Roads to Santiago

Images of Spain.

But not in the form of the sickeningly familiar, glossy pictures of crowded beaches on the Mediterranean coast with their ugly hotel developments serving as backdrop, nor those of flamenco and bull-fights, nor yet the image that we receive through the daily news of RTE of a corrupt political and business élite, the pollution over Madrid or the meaningless posturing over the status of Gibraltar or Catalonian independence.

The images of Spain presented to us by the Dutch author Cees Nooteboom in his book Roads to Santiago go far deeper than the stereotypes that we are all familiar with. He searches for – and finds – a different Spain: one that is more ancient, more elemental, more real, if you will. A Spain that would take a lifetime of living there to get to know, even just a little.

The old town of Cáceres

As you can guess, Roads to Santiago is not a guide book, although you could do much worse than follow in the author’s footsteps.

The Way of St James

At some point in life, Nooteboom decided to the make the pilgrimage to Santiago de Compostela. It’s a popular pilgrimage even today, and most of those who walk the so-called Way of St James, the Camino de Santiago, probably no longer do so for religious reasons but for the love of walking and the love of Spain. There’s more than one route, depending on where you come from, and the most popular is probably the camino francés, the French path, coming as it does across the Pyrenees and weaving through the north of Spain. But this is not what Nooteboom did.

To begin with, he didn’t walk.

All Roads Lead to Santiago

Because Roads to Santiago is the retelling of not one journey but many. It’s the result of years of travelling in Spain, of being diverted by intriguing sign posts, of mooching alone in ruined Romanesque churches in barely accessible locations, of following Don Quijote through the deserted villages of La Mancha, of walking in the echoing halls of the Prado. If you travel with Nooteboom, you get to see more than the olive groves of Andalusia.

In the course of reading the book, you learn much about Spain and much about Nooteboom, the man himself. He seems somewhat religiously inclined: he is fascinated by churches and by Zurbarán, that great painter of – monks. In fact, Nooteboom was brought up in a boarding school, educated by monks and at some point in his life he actually wanted to join the Trappists.

And so, like I said, at some point he decided to go to Santiago de Compostela, and eventually, after many detours, he got there. To these detours we owe Roads to Santiago, this strange amalgam of art, history and travel, a thoroughly fascinating book.

Francisco de Zurbarán, 1598 – 1664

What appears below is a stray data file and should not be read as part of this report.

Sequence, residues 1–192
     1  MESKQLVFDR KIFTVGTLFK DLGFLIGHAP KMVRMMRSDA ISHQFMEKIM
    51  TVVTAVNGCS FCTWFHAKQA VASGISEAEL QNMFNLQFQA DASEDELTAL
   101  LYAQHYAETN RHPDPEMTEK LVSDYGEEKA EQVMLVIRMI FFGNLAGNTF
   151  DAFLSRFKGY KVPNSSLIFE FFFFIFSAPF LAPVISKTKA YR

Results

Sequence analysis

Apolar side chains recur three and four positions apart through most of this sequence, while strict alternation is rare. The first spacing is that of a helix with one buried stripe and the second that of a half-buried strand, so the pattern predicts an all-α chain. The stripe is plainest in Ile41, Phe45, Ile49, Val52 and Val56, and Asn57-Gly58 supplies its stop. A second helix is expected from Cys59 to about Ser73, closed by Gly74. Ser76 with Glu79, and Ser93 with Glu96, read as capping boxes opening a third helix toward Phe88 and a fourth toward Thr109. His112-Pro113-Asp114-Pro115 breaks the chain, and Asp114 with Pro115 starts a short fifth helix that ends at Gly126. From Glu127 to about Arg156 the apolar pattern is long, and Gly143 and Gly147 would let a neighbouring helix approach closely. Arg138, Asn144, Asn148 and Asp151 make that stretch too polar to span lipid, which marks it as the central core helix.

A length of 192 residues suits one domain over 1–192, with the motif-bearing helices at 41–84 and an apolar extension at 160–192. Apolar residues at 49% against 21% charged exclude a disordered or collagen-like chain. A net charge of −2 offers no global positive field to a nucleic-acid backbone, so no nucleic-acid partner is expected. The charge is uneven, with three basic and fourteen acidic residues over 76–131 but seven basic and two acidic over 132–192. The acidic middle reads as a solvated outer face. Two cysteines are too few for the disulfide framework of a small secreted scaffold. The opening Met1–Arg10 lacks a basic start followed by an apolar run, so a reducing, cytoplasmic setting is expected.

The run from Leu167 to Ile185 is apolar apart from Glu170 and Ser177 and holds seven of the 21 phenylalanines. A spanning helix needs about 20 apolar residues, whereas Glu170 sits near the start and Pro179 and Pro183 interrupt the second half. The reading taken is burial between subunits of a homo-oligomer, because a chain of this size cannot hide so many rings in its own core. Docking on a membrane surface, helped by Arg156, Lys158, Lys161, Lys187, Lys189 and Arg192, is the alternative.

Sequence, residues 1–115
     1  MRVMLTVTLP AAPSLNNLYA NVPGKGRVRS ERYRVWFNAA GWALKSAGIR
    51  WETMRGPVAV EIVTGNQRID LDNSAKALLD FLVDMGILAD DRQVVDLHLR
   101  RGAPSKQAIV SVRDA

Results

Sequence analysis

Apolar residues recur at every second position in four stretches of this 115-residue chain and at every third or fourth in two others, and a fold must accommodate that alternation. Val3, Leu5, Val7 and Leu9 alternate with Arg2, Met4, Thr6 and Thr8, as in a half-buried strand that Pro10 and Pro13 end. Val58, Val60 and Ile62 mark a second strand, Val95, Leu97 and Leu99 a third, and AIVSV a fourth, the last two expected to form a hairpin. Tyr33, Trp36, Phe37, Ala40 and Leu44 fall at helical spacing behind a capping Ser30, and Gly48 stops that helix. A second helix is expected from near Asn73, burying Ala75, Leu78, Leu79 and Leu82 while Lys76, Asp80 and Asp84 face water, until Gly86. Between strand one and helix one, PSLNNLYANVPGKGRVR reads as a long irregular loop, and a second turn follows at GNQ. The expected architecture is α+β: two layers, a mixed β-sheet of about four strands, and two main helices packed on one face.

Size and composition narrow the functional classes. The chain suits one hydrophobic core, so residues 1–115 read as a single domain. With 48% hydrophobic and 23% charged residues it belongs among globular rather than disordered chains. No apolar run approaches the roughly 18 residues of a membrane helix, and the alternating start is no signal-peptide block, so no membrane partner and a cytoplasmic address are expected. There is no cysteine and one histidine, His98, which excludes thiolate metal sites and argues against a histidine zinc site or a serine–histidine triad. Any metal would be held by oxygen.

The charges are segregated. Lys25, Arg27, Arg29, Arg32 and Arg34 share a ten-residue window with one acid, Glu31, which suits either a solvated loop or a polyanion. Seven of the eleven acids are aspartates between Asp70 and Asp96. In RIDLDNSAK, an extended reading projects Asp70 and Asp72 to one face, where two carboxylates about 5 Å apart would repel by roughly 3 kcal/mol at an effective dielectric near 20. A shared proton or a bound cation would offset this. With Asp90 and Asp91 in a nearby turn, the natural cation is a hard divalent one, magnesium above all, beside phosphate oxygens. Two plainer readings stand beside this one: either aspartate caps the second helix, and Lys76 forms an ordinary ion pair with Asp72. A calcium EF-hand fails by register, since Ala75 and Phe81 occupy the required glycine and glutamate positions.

Saint Francis in Meditation
Oil on canvas, 152 x 99 cm
Bought, 1853

Torla 1957

Nooteboom stops in Torla and remembers what Spain was like in 1957. And suddenly it finally sinks in that this Spain of Nooteboom’s I’ve been reading about is 30 years old, it’s the Spain of my youth that I’ve never seen, not the Spain that I know. I drop the book on my lap and remember the places I’ve seen in my youth. The countries that no longer exist, the places I returned to as Nooteboom returned to Spain… I’m conscious of the passage of time, and the realisation of how little we can experience of the beauty of this transient world before we die makes me melancholic.

Torla. In 1957 there was only one solitary inn. I had arrived by bus, an ancient bus with cardboard boxes on the roof, and wooden crates with chickens. Farmers smoking Ideales, a heavy, pungent aroma. Trout, and goat meat and great loaves of bread. I wish I could glimpse myself as I was then. I would not recognise myself any more than I recognise the village, what with the hotels, pensions, and the entrance to the National Park of Ordesa.

I drive up the mountain until the snow gets too thick and I see the high peak of the Monte Perdido, the lost mountain. The map of this area is dotted with deer. There were still bears here in the fifties, and I remember thinking then, that one day I might see a bear. Perhaps I still think so. I have cut the engine to hear the silence, and I sit down on a rock in a snow-covered field. An ensemble of birds is busy playing its eighth symphony, and if I listen carefully my young man’s ears will hear the bears playing the bass.

You might also like:Ruta de Don QuijoteThe Art of ZurbaránLengua e imperio (Language and Empire)Spain in Black & White

4 thoughts on “Roads to Santiago

  1. I’m going to ask the Reyes Magos for this right now!

    I’m sure you already know of him, but if you haven’t read Ian Gibson, I’m sure you would enjoy some of his writings. He’s an Irishman who acheived Spanish citizenship. His speciality is Federico García Lorca, but he writes about a lot of other things Spain related as well 🙂

    Liked by 2 people

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